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5 Reasons Summer Blockbuster Movies Are Failing at the Box Office

The summer film slate, which used to be bookended within the actual summer season (when kids were out of school), has become bloated and over-stuffed. Beginning in late spring and tapering off throughout August, at least one major release punctuates every single box office week - with many weeks now seeing multiple films battling for box office revenue. As a result, plenty of quality (along with a fair share of not-so-great) films are falling through the cracks, and there's less incentive for viewers to return for repeat viewings.

Opening weekend has always been a strong indicator of which films are going to turn a profit and which ones are going to have trouble earning back their budgets. However, in a lot of cases, a major factor in box office success is a film's staying power - fueled by casual moviegoers responding to word of mouth along with second (and third) viewings by established fans. In order to secure over a $1 billion total haul ($500 million domestically), The Dark Knight was number 1 at the box office for four consecutive weeks back in 2008. Iron Man 3 only managed to hold the number 1 crown for two weeks, before another major tentpole film, Star Trek Into Darkness, took the top spot. Fun fact: the following week, Star Trek Into Darkness came in at number 3, bested by both Fast & Furious 6 and The Hangover, Part 3 (Iron Man 3 was number 5 at that point - four weeks after release).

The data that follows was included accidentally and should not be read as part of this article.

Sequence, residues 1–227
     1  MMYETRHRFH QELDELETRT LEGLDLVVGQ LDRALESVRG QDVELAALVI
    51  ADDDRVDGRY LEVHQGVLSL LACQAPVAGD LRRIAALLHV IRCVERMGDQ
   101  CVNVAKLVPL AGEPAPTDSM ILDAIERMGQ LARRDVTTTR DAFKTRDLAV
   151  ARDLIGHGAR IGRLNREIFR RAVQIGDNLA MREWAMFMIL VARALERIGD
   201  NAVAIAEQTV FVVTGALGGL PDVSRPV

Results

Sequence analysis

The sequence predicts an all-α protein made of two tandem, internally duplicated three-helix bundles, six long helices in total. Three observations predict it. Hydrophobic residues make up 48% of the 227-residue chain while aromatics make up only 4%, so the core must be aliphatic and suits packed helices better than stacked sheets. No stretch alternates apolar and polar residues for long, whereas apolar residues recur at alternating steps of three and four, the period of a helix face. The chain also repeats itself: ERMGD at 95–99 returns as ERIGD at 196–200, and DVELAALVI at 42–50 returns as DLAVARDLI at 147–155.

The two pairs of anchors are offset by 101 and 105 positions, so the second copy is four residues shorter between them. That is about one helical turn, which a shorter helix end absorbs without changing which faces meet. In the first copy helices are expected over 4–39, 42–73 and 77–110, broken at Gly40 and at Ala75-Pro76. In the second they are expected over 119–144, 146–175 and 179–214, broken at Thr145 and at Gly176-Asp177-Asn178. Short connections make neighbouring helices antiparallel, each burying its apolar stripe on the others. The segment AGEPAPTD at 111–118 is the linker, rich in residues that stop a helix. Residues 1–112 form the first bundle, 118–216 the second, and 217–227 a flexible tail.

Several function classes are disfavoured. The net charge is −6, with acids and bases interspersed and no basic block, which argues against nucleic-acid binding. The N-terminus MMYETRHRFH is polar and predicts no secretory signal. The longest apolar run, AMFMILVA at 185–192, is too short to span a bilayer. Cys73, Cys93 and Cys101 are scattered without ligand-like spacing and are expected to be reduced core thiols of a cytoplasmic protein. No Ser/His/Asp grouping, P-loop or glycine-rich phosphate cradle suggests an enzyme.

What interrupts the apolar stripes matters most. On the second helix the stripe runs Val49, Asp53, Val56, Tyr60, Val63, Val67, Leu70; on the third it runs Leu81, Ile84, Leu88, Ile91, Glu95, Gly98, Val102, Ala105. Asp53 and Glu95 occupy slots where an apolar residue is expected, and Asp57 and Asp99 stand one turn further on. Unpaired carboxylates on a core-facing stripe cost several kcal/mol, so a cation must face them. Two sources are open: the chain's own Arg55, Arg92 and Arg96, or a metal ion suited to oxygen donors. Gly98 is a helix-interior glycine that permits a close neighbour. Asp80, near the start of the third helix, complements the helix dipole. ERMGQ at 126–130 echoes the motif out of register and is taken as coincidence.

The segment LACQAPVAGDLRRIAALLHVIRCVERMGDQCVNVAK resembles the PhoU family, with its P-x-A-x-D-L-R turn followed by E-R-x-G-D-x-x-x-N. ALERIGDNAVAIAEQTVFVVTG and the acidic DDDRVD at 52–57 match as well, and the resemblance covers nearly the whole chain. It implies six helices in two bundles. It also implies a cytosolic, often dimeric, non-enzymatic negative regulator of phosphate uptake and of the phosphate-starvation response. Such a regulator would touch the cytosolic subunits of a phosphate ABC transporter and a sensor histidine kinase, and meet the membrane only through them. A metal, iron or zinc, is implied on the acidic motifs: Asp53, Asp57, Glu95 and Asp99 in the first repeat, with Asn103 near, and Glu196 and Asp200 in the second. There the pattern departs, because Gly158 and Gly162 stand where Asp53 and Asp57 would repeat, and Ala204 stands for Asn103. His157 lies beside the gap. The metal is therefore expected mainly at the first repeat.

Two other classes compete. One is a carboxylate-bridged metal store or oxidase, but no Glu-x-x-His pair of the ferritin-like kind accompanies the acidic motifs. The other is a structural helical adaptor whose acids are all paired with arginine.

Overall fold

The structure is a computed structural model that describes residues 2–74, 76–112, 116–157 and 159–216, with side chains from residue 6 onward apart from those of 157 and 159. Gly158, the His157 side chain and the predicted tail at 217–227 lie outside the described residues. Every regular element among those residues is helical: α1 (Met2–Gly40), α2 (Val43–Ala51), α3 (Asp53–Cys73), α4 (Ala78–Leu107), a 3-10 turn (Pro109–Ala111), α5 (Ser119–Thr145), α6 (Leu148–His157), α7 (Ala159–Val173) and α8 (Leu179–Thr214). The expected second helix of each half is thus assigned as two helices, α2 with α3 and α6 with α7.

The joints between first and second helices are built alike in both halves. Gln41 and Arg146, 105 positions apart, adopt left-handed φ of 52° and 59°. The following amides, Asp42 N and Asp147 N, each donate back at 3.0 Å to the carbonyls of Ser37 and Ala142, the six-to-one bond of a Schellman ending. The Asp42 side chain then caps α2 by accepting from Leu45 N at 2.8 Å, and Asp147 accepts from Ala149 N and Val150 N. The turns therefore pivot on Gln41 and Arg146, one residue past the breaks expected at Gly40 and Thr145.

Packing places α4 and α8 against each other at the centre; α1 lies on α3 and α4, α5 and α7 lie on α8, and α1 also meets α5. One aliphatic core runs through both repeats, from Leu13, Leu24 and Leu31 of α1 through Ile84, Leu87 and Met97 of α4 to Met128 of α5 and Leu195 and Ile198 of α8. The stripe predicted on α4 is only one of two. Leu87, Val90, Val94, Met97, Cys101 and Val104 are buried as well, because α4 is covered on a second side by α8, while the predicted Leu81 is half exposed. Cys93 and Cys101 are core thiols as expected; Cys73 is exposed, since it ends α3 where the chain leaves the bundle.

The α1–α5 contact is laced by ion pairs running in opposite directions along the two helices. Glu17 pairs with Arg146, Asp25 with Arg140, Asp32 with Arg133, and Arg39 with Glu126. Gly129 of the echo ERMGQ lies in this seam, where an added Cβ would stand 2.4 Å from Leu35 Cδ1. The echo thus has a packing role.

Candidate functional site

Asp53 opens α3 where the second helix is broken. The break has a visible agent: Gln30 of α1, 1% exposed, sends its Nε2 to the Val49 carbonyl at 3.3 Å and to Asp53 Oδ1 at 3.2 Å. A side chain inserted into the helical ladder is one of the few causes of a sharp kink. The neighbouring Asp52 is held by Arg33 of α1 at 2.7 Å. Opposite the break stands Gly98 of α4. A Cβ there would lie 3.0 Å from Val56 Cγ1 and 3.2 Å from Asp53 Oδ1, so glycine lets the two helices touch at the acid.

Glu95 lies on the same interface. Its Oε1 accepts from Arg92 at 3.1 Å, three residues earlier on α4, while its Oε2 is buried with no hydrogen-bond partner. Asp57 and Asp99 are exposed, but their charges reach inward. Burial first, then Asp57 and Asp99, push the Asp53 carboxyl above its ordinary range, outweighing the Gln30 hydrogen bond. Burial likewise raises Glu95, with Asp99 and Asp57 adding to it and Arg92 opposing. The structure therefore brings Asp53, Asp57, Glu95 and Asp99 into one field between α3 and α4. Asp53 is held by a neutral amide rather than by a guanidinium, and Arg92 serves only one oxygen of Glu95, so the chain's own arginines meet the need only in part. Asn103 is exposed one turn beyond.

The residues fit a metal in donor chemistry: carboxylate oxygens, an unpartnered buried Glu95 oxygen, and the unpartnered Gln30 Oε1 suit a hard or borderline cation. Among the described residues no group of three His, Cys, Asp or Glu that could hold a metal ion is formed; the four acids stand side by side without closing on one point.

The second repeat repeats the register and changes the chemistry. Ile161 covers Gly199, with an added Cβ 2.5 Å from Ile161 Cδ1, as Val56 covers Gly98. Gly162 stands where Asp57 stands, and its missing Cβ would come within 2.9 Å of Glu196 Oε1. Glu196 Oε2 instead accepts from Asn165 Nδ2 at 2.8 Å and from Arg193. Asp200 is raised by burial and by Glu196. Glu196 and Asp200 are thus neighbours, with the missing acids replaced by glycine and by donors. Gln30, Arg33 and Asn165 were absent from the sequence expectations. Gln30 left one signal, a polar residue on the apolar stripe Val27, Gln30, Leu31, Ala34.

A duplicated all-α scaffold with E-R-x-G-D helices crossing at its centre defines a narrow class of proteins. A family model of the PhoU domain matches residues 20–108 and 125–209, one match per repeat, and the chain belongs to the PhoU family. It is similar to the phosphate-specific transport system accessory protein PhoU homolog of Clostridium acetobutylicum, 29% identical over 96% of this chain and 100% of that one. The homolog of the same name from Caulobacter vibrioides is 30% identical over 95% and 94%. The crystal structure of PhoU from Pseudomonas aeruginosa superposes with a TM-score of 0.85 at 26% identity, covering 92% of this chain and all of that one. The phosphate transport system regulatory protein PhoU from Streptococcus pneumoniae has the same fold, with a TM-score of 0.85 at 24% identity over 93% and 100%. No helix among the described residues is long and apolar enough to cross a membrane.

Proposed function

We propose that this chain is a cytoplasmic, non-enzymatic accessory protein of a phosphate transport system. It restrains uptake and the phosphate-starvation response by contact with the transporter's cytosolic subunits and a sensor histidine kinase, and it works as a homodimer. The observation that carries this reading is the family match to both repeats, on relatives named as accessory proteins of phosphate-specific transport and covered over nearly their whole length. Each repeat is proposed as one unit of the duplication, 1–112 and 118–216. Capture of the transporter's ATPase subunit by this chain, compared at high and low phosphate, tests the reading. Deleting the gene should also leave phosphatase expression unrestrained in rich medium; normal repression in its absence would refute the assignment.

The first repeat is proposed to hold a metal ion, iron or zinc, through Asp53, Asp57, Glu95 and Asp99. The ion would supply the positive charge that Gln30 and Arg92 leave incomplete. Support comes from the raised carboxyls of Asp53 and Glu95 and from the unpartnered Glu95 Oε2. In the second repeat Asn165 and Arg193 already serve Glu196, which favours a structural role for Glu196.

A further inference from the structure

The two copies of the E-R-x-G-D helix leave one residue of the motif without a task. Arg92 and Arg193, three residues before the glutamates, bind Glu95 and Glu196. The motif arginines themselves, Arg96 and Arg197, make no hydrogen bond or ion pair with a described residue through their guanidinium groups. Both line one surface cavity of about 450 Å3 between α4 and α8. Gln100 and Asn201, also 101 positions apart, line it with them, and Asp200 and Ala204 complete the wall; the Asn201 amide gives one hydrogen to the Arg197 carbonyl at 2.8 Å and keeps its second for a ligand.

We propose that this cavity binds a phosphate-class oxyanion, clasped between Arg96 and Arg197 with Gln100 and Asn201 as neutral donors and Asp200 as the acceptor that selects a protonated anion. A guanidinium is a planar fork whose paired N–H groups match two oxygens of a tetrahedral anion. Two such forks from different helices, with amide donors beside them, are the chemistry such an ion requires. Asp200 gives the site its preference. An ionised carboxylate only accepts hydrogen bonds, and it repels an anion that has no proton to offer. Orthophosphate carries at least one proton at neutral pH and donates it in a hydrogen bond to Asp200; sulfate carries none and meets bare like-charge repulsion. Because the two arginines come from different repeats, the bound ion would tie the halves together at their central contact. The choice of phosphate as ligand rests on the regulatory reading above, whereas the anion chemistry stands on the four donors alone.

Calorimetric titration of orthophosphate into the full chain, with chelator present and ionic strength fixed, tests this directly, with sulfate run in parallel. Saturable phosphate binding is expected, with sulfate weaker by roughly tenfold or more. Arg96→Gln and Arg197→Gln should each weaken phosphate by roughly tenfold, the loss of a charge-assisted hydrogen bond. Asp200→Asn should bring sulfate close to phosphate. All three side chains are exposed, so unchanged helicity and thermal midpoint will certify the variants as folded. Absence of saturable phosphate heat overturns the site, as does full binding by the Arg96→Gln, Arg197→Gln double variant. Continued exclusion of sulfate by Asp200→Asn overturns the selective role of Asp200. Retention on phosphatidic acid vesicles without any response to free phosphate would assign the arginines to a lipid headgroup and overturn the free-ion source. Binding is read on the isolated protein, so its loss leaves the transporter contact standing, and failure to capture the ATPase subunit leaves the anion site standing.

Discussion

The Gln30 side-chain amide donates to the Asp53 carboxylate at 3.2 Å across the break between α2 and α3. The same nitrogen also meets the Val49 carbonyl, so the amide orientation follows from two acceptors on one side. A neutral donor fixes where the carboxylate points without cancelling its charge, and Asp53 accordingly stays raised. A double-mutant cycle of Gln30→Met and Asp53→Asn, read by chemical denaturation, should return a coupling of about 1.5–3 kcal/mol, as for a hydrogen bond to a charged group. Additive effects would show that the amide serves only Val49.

As a result, studios would benefit from spacing out releases - or outright bumping major films that aren't summer season worthy into the fall, winter, or even spring. As it is, the release slate is cannibalizing - stifling potential longterm successes and outright killing-off films that are more difficult to market.

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5 Reasons Summer Blockbuster Movies Are Failing at the Box Office